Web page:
A grant will soon allow teachers at Ball State University to use video conferencing to teach students at Iraq's Tikrit University and work to redesign the school's educational curriculum over the next three years.
Ball State professors will teach classes in English, accounting and computer science for 25 of Tikrit University's top-performing sophomores using online and video conferencing technology. Administrators will also work to revamp the school's lecture-based academic curriculum into a more interactive program.
To help start the program this week, several Ball State faculty members are visiting with their counterparts during a conference at the U.S. Embassy in Baghdad. During the school year, several Tikrit faculty members will also visit the Muncie, Indiana-based school for professional development.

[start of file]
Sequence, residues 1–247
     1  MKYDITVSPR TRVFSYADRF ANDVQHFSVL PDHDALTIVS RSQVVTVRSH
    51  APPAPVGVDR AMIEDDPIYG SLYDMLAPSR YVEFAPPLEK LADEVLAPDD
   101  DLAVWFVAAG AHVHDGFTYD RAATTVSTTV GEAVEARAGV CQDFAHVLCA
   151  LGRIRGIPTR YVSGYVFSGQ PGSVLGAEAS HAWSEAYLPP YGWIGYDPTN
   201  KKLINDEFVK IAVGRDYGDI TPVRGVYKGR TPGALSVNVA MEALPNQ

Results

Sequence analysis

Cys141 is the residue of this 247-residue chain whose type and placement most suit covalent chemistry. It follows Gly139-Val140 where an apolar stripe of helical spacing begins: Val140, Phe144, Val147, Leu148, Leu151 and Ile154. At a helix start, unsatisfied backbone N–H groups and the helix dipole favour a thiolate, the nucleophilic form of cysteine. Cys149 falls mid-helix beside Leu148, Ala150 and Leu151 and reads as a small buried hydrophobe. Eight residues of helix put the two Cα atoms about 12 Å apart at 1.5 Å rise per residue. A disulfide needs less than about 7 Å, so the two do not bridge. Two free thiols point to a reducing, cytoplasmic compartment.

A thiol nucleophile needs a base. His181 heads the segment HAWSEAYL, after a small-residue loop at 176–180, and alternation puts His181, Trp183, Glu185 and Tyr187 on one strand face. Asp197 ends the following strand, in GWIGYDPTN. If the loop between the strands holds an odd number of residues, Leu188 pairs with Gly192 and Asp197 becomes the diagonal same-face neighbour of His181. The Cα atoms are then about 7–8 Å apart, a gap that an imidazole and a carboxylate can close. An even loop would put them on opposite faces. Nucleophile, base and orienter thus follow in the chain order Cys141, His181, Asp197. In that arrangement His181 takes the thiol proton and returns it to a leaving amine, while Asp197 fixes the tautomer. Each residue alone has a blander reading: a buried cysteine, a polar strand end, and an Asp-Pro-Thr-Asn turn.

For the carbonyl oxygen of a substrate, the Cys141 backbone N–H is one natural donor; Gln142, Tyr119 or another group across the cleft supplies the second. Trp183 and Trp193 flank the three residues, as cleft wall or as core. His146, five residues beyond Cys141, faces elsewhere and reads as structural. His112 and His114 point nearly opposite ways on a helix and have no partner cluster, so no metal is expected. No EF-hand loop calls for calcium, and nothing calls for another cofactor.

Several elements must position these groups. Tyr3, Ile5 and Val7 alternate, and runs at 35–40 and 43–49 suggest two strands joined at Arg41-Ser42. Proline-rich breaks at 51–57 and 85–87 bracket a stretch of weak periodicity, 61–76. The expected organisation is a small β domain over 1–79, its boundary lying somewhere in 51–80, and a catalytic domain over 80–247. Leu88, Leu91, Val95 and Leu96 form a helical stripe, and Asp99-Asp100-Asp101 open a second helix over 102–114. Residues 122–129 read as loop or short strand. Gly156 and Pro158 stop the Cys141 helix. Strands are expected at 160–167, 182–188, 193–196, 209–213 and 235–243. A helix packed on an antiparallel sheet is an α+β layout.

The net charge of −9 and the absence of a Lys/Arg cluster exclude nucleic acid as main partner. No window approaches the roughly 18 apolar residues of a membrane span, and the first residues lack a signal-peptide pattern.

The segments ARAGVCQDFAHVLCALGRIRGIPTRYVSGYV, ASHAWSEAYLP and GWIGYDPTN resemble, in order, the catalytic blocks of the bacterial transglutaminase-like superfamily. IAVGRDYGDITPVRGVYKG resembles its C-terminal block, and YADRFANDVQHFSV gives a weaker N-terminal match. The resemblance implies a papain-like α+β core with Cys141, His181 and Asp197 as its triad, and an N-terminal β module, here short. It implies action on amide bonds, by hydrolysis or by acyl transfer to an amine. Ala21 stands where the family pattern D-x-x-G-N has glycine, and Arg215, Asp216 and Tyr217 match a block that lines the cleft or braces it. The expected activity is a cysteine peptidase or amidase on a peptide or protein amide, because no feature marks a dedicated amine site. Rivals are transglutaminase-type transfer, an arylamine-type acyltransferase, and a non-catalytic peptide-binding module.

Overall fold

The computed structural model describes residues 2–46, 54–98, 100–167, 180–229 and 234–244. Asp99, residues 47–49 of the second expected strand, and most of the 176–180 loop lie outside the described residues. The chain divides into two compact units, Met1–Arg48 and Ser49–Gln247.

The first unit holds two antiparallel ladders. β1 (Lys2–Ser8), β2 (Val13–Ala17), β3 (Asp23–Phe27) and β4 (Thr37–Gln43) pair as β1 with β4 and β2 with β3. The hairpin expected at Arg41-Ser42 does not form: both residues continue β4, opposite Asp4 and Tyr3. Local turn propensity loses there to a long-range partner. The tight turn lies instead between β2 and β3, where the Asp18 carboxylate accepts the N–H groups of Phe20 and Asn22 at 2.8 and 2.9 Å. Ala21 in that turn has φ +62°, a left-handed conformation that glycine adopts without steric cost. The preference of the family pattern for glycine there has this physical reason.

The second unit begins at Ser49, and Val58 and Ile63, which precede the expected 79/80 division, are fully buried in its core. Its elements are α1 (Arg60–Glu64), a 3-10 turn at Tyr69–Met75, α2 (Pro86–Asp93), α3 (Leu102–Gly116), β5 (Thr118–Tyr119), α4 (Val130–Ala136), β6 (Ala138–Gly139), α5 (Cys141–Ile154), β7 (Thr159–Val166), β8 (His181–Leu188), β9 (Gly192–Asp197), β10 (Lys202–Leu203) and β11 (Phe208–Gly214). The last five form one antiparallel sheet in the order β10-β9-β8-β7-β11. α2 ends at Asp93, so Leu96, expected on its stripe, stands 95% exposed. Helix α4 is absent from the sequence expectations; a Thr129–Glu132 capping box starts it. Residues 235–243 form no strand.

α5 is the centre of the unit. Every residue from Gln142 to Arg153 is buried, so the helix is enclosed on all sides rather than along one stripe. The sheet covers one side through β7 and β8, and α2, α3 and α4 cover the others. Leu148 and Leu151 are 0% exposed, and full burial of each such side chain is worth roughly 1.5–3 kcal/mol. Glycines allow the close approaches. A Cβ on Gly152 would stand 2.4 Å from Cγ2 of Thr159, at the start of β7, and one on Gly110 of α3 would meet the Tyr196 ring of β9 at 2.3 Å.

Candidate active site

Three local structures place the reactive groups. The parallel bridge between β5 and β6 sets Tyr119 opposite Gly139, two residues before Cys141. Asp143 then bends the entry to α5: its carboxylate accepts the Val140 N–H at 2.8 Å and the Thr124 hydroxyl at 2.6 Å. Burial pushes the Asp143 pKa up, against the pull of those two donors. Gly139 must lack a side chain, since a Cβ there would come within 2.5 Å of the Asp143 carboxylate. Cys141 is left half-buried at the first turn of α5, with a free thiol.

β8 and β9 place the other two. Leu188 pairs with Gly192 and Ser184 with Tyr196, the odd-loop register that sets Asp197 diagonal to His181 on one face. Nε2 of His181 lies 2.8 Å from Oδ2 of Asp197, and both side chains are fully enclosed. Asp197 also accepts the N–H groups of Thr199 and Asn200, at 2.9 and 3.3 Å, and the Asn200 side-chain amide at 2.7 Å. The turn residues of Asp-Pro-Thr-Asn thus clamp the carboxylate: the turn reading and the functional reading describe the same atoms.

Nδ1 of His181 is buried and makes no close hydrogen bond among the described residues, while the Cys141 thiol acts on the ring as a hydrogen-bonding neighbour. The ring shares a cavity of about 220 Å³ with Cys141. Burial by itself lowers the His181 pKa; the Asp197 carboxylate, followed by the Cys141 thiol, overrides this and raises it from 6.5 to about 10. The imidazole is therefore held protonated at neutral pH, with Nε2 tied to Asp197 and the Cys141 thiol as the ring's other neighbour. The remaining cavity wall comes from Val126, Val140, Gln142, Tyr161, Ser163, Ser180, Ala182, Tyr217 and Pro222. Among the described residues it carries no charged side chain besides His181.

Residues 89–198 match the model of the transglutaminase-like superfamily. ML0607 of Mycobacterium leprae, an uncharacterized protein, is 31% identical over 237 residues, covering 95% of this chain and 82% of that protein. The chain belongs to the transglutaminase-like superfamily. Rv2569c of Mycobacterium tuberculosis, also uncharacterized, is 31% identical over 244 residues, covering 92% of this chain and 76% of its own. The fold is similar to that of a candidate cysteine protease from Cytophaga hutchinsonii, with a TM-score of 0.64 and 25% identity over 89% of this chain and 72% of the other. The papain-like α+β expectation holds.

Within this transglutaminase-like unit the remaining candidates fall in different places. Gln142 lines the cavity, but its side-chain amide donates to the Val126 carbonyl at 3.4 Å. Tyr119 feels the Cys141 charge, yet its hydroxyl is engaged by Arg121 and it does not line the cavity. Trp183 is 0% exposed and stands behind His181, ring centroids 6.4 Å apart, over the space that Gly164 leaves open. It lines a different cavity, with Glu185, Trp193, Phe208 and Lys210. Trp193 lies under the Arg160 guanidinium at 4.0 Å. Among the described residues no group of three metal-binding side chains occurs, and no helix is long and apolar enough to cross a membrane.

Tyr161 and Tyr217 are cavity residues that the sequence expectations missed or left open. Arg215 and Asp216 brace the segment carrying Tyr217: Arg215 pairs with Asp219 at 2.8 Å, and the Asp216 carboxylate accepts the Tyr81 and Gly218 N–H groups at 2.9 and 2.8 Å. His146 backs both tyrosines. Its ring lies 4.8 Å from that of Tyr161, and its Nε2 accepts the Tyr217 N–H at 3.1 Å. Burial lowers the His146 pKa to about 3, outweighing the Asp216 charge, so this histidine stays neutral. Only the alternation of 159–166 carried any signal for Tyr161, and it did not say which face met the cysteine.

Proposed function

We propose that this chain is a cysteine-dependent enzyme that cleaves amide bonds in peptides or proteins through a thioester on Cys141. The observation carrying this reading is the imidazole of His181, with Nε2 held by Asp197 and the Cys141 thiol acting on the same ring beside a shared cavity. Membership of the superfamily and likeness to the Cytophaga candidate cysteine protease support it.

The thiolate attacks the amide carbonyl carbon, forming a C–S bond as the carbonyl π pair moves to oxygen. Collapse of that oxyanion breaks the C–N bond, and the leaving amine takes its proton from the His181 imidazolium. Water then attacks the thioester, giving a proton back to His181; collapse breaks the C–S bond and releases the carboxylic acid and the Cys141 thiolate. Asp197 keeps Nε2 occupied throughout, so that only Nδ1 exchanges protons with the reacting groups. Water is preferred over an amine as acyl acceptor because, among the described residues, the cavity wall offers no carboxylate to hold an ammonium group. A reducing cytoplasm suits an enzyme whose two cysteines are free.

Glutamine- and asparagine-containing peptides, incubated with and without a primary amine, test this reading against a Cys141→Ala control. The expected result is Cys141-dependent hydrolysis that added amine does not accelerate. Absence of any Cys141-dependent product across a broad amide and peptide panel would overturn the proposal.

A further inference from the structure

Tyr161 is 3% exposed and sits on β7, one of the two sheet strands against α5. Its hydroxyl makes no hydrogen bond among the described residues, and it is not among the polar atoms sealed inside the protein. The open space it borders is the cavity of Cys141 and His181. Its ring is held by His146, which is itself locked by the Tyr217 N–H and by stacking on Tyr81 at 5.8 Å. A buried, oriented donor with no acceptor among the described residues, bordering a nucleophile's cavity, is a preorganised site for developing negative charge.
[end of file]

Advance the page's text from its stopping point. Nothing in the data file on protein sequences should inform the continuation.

The program is funded by a $1-million grant from the U.S. State Department and the nonprofit Academy for Educational Development.
Other schools are also joining the program. Four other schools - the University of Kentucky, the University of Cincinnati, Cleveland State University and Oklahoma State University - were each awarded grants and will create similar programs with other Iraqi schools.
The Indiana Star-Press reports that Ball State was chosen in part due to its staff's experience in the region. Ken Holland, the school's dean of international programs, has been to Afghanistan 18 times in the past four years while working at Kansas State University.